Its official – WiFi has reached commodity status.
On Tuesday, Conexant Systems Inc. preannounced lower earnings for the cureent quarter, based on an influx of low-cost WiFi chips produced by Taiwan manufacturers. Conexant executives said that the price of 802.11g components is now on the order of 802.11b chips in certain markets.
Although the WiFi market has been continually remade as new 802.11 standards have been finalized, a sense of stability has emerged now that the 802.11g standard has been finalized and products have entered the market. The most recent addition, 802.11i, will update the security protocols used inside the 802.11 specification beginning this September, when the first products are certified for compatibility.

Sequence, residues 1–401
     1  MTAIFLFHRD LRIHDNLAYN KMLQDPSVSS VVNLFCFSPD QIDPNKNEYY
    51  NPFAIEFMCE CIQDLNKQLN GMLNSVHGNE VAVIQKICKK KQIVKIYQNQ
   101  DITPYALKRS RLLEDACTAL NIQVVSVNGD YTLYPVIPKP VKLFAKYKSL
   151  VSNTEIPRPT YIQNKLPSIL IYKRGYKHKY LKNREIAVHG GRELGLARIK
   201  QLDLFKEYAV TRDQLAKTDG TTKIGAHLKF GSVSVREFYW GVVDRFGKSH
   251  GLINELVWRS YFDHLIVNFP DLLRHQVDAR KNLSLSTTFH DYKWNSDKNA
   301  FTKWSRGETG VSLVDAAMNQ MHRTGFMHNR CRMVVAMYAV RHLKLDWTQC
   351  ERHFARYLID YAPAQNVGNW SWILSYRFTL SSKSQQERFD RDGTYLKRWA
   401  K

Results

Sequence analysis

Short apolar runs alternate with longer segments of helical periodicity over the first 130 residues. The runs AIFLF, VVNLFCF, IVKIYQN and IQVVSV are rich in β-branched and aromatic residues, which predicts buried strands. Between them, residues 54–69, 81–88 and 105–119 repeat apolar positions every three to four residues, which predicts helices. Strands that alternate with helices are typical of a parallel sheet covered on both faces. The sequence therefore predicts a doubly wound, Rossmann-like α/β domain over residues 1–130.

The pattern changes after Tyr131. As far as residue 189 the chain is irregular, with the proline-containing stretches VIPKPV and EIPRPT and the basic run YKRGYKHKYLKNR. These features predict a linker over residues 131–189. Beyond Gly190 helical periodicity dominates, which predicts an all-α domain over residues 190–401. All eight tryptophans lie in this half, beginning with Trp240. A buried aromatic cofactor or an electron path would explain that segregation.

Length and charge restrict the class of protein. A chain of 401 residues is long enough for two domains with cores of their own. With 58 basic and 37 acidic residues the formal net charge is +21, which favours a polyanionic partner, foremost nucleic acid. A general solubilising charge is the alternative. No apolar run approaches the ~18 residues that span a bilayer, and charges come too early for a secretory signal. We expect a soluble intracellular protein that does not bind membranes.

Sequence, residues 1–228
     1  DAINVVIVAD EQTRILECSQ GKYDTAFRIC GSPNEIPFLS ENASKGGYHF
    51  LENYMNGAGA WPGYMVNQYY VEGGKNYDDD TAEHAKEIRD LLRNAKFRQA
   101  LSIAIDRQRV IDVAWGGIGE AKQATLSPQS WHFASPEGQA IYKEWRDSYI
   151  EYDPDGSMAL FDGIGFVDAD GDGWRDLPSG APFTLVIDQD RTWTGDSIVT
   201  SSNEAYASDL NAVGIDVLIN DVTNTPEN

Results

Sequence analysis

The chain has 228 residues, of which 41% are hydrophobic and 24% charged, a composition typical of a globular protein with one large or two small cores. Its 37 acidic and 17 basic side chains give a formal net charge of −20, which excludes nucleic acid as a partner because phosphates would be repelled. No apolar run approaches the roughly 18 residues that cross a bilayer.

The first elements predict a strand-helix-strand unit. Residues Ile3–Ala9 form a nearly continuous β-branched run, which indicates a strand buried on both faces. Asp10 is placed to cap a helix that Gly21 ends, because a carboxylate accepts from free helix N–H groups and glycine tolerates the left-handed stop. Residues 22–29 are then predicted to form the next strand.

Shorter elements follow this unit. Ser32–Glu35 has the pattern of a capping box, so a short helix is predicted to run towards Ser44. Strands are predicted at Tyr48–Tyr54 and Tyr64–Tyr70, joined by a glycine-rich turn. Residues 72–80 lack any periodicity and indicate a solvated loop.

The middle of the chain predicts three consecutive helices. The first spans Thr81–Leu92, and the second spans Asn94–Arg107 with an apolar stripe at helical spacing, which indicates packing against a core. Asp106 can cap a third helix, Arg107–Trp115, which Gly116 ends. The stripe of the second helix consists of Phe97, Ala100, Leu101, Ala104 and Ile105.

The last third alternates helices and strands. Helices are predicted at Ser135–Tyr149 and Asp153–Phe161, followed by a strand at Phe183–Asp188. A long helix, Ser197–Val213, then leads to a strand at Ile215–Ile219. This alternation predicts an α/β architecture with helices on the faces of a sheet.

In the December timeframe a number of Taiwan-based competitors began fabricating extremely low-priced 802.11g chips, which they then marketed to the ODMs which design the routers and switches shipped as products from companies like D-Link or Linksys, according to Conexant chief executive Armando Geday, who hosted a conference call with analysts on Tuesday.
“These additional competitors exacerbated pricing pressure in a market already characterized by severe price competition,” Geday said in a statement, which he read during the call.
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